When I learned that CBA students would be missing an extended amount of time due to the coronavirus, I’d be lying if I said that the possibility of missing out on my final high school sailing season was the first thing that jumped into my mind.
At this time, I’m not a sailor before all else. These trying times have made stripping life down to its bare essentials mandatory for everyone. My identity as a son, a brother, and a grandson now define me much more than my commitment to my sport does. However, this fact doesn’t mean that having my final season of the sport I love ripped away from me pains me any less.
Through high school sailing, I have experienced the highest of highs and the lowest of lows. I’ve experienced days out on the water when I’m locked in an unbreakable rhythm, feeling through every shift on the course, and firing off impressive finishes race after race. I’ve also had excruciating days out on the water when no such rhythm could be found at all.
No matter the results, two things remained constant: the support of my teammates and the guiding presence of my coaches. My coaches and teammates have stuck with me through thick and thin, and have been the embodiment of constancy in my life during my time on the team. Not only are my teammates great supporters, they are also unceasing motivators. As an underclassman, talented sailors of years past demonstrated what it takes to find consistent success in sailing, and my teammates today - no matter their grade level - continue to challenge me to be the best version of myself out on the water each day.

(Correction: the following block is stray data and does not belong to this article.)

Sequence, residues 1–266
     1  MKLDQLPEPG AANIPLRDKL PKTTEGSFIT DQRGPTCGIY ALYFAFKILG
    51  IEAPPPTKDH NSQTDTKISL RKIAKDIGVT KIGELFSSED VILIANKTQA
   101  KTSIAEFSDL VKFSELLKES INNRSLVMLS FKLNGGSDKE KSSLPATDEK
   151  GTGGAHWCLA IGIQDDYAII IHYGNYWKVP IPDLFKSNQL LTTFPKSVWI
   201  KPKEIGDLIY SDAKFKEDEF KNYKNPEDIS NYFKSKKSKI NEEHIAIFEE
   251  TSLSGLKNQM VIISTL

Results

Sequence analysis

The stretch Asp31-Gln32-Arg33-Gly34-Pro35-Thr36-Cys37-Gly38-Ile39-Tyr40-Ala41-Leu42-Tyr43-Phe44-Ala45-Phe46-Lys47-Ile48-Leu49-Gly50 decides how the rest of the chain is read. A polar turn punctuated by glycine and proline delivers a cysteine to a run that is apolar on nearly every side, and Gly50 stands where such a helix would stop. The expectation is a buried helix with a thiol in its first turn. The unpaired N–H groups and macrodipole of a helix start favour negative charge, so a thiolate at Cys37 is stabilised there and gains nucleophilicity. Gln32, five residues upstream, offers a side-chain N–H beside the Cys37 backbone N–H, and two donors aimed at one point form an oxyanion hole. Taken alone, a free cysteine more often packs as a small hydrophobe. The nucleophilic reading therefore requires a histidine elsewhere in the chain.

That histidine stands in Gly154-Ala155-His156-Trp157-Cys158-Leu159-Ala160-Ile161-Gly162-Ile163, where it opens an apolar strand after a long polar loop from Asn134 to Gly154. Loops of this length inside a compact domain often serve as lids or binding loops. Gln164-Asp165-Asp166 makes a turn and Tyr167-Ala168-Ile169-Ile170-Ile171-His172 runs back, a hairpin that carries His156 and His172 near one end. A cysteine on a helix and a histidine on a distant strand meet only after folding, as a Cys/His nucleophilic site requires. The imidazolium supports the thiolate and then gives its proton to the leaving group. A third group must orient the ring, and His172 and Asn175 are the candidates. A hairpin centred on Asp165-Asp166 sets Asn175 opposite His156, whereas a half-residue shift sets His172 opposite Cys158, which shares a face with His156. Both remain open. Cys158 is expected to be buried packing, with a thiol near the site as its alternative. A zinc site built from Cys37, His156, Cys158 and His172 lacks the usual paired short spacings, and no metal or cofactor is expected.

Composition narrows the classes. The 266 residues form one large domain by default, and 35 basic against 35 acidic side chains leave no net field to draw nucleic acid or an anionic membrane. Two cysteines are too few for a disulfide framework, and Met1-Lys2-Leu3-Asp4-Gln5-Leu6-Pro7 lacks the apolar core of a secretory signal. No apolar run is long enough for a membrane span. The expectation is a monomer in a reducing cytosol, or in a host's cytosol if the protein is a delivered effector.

I can’t predict the future of this outbreak. I may have already sailed my final race with the three letters across my chest. I can’t let the despair associated with that possibility get in the way of recognizing all the good that has come from my time spent with the team.
I know that when I think back to my high school sailing days, it won’t be the highs or the lows of my sailing performances that I will remember. Instead, I will most remember the gratifying struggle that myself and my teammates took part in for six months a year, and how that struggle helped me learn and grow both as a sailor and as a young man trying to make sense of the world.
- Matthew Bell '20